They are likely to be multi-award-winners and manage teams of some of the best talent—those who have managed to impress and get past rigorous hiring processes to work for the reputable business.
Regarding web design, access to more technical industry skills and know-how really pays off. Responsive design, UX and UI, and even augmented reality; if you’ve got the budget, it pays off to have top-notch design and development skills in your reach.
Not only do large agencies offer broad and extensive skillsets but they are likely to have a more diverse portfolio of experience than smaller agencies. For business owners, this means there’s more chance they've worked on a project or in an industry similar to yours and know what the market is like. This experience allows an agency to align its ideas with its goals better. It also reduces the time necessary for the research phase if the agency is already familiar with your industry.
Thinking back to the project management triangle, a large agency should also be able to turn around your project much faster than a smaller agency. Multiple people will work on your website, meaning a large agency could be the best option if you need yours made in a hurry.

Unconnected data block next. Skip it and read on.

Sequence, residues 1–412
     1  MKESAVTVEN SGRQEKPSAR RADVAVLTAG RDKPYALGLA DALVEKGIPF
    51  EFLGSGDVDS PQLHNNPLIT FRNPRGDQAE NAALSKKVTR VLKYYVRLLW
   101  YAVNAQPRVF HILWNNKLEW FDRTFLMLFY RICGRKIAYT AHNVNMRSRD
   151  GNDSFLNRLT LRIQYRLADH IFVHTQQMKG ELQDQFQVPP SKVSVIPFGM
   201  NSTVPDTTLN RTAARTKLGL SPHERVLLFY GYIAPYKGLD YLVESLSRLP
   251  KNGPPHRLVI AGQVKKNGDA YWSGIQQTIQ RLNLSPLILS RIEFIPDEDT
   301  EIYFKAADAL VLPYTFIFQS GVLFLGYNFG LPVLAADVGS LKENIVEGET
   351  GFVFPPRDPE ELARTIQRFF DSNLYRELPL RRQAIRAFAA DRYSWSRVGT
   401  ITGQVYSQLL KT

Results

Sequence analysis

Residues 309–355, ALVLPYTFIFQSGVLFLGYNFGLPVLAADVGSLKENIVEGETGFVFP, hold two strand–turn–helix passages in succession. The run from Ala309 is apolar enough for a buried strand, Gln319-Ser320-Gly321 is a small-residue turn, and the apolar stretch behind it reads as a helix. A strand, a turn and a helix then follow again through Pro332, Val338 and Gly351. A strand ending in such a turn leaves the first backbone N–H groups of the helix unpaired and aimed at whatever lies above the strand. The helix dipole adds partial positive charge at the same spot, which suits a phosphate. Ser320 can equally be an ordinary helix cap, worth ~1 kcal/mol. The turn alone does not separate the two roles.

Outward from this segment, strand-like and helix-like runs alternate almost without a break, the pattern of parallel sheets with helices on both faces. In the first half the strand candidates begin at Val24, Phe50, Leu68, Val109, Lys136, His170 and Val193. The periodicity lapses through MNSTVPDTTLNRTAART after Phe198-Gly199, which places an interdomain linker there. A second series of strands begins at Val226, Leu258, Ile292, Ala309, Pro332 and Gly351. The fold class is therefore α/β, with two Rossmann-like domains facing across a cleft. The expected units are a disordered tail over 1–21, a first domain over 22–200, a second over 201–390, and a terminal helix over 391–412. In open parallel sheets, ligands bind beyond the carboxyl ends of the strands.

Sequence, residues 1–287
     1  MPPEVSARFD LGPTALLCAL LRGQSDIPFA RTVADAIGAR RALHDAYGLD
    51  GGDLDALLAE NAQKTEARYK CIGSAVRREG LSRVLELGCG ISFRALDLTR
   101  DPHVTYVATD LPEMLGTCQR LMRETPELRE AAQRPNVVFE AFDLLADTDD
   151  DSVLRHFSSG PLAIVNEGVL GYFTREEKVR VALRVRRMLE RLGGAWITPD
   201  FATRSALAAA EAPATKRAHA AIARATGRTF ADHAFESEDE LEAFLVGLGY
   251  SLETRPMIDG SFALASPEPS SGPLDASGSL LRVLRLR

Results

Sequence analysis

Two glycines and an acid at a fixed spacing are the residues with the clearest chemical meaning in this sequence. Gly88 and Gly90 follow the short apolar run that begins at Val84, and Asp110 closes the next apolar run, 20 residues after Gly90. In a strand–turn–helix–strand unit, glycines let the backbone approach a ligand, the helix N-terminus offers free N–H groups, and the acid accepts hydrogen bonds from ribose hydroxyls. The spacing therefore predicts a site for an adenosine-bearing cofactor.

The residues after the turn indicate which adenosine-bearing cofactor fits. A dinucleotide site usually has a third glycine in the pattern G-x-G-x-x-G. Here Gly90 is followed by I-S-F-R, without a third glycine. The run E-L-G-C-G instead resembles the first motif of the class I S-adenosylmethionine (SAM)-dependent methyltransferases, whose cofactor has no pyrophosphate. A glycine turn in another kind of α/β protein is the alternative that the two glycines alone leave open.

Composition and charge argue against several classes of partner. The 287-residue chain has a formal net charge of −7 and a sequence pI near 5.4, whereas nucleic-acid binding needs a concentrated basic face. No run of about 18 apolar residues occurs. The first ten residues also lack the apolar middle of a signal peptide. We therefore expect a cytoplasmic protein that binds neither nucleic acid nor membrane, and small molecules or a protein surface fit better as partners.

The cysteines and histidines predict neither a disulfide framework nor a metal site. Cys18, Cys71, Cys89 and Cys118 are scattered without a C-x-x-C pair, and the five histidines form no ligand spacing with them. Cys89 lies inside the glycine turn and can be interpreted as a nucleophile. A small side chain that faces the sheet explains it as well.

While a large agency has the power to speed through your project, this isn’t always a good thing. Large agencies have a culture of passing work around several different team members. This can lead to information getting lost in translation, and your designs may devolve throughout the project unless someone is responsible for quality control and sticking tightly to the brief.
This way of working can negatively affect the quality of design work as no web designer has true ownership over how the website looks and feels. Without this sense of responsibility, the results may become a little confusing and lack the clear voice of your brand identity.
Large and constantly changing groups of people working on a project can also impact the client-agency relationship. Clients of larger agencies can find communication is less direct. They don’t have one primary point of contact and may find it difficult to speak to the design team directly (something which is highly necessary throughout the project).
It’s not the result of low effort or lack of skill. But the web design agency structure benefits from consistency and close communication, which builds trust, understanding, and a shared vision of the end result.
Another disadvantage of large agencies is the price range for websites. A large agency probably isn’t the best for clients seeking a cost-effective option. Higher overheads such as wages and office utilities contribute to higher prices. Not to mention, agencies with a reputation may be able to charge more because they are in higher demand.